Introducing the "for" loop
On 10/6/2017 8:44 AM, ROGER GRAYDON CHRISTMAN wrote:
> Despite the documentation, I would still be tempted to say that range is a
It is, *according* to the documentation. Built-in classes are included
in Library Reference, Ch. 2, Built-in Functions. Changing that to
"Built-in Functions and Classes" has been proposed (perhaps by me) and
> Taking duck-typing to the meta-level, every time I use range, I use its name
> by a pair of parentheses enclosing one to three parameters, and I get back an
> immutable sequence object. It sure looks like a function to me.
In the standard mathematical sense it is, more so than instances of
classes <function> or <built-in function), such as print, that operate
mainly by side effects.
> I would similarly say that map is a function, or an iterator generator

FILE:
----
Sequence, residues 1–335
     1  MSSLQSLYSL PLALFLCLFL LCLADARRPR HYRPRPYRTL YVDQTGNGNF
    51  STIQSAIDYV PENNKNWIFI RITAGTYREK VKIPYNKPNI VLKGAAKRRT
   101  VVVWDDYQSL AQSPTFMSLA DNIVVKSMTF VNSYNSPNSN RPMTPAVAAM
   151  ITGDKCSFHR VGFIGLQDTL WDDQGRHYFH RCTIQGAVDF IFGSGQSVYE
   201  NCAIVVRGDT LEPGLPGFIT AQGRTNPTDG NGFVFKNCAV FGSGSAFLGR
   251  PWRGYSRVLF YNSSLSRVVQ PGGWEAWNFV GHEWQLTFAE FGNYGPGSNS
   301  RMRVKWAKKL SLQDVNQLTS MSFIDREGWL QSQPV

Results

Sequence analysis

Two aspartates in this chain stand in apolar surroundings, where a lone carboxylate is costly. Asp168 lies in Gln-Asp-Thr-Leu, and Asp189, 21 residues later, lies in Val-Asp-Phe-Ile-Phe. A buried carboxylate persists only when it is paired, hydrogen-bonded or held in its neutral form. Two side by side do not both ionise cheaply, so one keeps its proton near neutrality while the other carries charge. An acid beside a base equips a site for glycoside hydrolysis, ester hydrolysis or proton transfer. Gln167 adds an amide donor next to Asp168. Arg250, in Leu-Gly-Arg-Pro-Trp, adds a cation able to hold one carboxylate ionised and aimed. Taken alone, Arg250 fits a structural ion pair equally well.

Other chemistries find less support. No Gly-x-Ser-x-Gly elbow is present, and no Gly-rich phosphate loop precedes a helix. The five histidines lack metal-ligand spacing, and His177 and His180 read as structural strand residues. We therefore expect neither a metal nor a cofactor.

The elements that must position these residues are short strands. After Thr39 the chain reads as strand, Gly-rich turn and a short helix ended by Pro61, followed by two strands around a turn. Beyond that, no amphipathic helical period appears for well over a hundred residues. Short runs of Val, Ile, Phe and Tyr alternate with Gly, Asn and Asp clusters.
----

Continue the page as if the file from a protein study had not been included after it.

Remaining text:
> I write myself with yield statements is a function,
Functions with 'yield' are 'generator functions'
> both of which also return sequences.
Iterators are mutable representatives of sequences, but cannot be indexed.
> It is not clear to me what the difference really is between my conception
> and the official definition -- is it a question about whether it returns a
> first-class object?
No. All python callables (functions in the broad sense) return objects.
> Or more simply, what is the clear and obvious distinction that I can give to my
> non-scientific laypeople about why range isn't a function, if it looks like one?
It is a function, in the usual sense not specific to Python, that is
specifically a Python class. It is not just a function. It is a
function that returns an instance of itself when called. This is the
distinguishing feature of classes as functions (callables).
Terry Jan Reedy